The research also revealed a growing disconnect in company-capability assessments between the line managers doing the work and the executives making the decisions. Digital profitability is not understood, and there is a lack of transparency and common KPIs, the company noted.

Moreover, the research revealed that 84% of retail executives believe online delivers cumulative value, but only 48% measure the true costs and benefits of an omnichannel approach. Without a robust means of measuring success, many companies make digital investments that later prove ineffective. Misunderstanding profitability within and across all channels also prevents companies from correctly computing customer lifetime value, the company said.

DFR requires a big shift in investment, but retailers must make those shifts if they hope to keep up with their customers. And, often, it isn’t about spending more but rather spending smarter, more holistically and more intentionally, the report said.

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Are retailers set to increase digital spending?

More than half (63%) of retailers expect to spend more on digital investments in 2023 compared with 2022. Given consumer preferences for digital, most don’t have a choice – without a strong online experience, they stand to lose customers and market share to competitors, the report noted.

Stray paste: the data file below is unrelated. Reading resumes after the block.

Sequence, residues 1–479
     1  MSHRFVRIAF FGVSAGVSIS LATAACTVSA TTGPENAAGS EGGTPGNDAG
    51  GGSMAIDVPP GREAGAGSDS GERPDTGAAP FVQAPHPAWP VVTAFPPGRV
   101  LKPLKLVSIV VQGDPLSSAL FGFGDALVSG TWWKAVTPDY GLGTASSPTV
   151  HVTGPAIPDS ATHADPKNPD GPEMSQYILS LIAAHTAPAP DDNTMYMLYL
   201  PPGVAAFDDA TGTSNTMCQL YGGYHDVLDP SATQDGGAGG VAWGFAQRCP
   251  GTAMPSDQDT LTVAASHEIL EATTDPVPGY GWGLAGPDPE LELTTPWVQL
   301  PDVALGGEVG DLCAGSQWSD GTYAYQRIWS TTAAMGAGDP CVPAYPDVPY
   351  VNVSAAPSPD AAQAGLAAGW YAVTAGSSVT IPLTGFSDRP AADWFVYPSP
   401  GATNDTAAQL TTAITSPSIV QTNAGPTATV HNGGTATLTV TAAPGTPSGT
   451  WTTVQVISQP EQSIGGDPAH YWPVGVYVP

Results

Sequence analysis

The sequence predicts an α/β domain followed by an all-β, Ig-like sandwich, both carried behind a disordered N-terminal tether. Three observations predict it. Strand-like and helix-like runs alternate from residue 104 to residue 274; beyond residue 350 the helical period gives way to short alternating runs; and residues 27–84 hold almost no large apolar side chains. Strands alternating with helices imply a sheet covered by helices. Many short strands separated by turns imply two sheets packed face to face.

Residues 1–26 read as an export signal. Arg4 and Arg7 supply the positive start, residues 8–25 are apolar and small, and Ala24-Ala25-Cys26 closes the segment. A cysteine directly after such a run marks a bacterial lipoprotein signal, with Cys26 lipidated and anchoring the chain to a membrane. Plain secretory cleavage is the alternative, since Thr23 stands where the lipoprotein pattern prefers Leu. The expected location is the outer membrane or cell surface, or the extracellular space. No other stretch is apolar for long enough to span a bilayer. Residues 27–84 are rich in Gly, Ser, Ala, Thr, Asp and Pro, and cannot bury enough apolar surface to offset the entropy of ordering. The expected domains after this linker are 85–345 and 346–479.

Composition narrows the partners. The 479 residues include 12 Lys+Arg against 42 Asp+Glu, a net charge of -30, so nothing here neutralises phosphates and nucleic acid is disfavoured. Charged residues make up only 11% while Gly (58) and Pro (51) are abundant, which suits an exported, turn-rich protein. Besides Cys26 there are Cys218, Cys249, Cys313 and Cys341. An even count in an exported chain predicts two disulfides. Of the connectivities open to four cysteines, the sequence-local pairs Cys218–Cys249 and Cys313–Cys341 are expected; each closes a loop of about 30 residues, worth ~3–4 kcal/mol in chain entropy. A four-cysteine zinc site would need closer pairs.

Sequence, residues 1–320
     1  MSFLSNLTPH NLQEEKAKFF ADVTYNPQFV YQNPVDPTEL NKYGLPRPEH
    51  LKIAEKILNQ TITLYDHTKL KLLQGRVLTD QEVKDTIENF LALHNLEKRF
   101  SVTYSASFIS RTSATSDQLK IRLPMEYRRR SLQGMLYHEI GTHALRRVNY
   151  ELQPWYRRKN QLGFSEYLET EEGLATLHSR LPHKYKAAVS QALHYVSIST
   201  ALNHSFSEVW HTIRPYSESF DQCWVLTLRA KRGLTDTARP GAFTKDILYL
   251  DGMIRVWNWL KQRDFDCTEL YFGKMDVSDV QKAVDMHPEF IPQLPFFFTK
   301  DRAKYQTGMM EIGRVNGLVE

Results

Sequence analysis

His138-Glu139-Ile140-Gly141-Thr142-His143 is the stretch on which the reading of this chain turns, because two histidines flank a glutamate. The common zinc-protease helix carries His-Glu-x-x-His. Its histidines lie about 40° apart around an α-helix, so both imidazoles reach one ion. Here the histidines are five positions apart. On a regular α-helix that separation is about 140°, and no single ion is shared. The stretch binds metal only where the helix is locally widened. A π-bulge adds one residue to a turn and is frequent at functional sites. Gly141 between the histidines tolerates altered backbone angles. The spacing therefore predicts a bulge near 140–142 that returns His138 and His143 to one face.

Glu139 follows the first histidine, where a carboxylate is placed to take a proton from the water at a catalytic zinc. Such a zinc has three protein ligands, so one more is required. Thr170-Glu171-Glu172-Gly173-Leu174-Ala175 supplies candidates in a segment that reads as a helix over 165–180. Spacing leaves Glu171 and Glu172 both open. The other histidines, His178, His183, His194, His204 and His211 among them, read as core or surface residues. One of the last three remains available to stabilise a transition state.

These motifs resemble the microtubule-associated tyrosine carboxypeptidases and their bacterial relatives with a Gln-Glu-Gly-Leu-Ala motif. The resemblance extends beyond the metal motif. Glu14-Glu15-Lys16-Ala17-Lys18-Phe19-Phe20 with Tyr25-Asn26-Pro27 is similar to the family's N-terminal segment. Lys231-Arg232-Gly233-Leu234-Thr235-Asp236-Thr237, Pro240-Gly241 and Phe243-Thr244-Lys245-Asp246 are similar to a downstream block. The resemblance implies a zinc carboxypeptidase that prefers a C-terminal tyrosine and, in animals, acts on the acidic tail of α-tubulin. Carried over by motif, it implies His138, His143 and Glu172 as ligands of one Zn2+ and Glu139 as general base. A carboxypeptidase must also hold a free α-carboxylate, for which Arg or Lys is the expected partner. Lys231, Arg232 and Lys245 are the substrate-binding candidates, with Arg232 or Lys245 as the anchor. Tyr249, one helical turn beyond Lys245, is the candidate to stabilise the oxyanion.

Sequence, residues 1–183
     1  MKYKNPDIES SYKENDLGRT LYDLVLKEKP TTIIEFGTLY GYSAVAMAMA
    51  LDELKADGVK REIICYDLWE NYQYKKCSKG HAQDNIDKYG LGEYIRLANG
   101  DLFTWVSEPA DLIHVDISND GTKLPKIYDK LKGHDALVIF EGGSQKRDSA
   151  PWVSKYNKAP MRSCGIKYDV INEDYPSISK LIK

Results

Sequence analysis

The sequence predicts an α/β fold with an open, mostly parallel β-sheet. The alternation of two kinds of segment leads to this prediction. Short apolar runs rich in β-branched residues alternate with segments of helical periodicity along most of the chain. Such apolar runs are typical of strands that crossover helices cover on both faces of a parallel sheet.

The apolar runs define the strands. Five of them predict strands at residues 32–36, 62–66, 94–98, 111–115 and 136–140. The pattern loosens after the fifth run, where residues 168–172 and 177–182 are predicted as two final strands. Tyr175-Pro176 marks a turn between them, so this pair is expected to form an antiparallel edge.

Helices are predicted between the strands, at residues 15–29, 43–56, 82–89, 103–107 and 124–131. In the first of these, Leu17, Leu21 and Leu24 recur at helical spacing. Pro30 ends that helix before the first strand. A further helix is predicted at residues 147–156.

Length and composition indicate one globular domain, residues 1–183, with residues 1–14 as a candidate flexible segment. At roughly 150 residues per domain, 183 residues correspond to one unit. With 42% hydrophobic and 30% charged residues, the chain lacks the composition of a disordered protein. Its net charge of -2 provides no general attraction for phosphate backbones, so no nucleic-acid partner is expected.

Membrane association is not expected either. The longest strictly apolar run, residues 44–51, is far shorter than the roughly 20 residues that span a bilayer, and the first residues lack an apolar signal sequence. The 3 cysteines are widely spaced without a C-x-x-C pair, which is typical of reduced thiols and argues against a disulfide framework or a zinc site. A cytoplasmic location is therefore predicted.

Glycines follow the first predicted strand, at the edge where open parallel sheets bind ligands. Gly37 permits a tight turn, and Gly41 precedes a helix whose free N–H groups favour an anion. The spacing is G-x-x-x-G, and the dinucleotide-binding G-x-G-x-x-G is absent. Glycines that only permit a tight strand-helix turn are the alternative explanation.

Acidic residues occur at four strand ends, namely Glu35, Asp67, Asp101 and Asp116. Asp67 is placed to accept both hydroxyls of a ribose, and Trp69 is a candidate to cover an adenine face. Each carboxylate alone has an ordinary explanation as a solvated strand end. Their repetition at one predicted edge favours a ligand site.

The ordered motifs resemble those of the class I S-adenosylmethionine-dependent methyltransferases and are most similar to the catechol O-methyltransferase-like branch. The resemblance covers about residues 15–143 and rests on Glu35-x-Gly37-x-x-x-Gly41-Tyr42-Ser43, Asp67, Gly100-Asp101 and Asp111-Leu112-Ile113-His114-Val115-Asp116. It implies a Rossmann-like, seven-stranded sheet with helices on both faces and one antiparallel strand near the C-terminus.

However, the hope around future investments ignores history. Per AlixPartners’ research, three-quarters (75%) of retail executives are confident they’ll get a good return on their digital investments. However, nearly two-thirds (64%) doubt their existing digital tools from past investments can support a modern DFR business. This raises the question of why, if past investments have not met expectations, there is confidence future investments will perform differently?

The report states that DFR is the answer to how to profitably evolvetaking the positive attributes of successful digitally native retailers (including agility and adaptability) and adopting them for traditionally store-led enterprises.

“Most retailers are data-rich, but insight-poor, and most still have a product-centric mindset rather than a truly customer-centric one,” said Matt Clark, EMEA leader of retail practice at AlixPartners. “Retailers must establish new KPIs with a Digital-First Retail lens to match their new operating model and operate with a DFR mentality, truly placing the customer first -- to turn shrinking profits into customer and shareholder value.”

Ian McGarrigle, chairman of the World Retail Congress, said, “Coming out of three unprecedented years shaped by the pandemic, retail has gone from accommodating a massive acceleration of online sales to the detriment of stores, to a period of resurgence in store-based retailing and a slowing of online growth. But what is clear is that there is no status quo in this new reality."

McGarrigle continued, "Transformational retail is now a critical pillar that describes today’s retail world and as such we are delighted to have AlixPartners on board as a knowledge partner, helping retailers to understand this new balance between on- and offline and more importantly, how they can identify how to deliver not just sales, but bottom-line growth too.”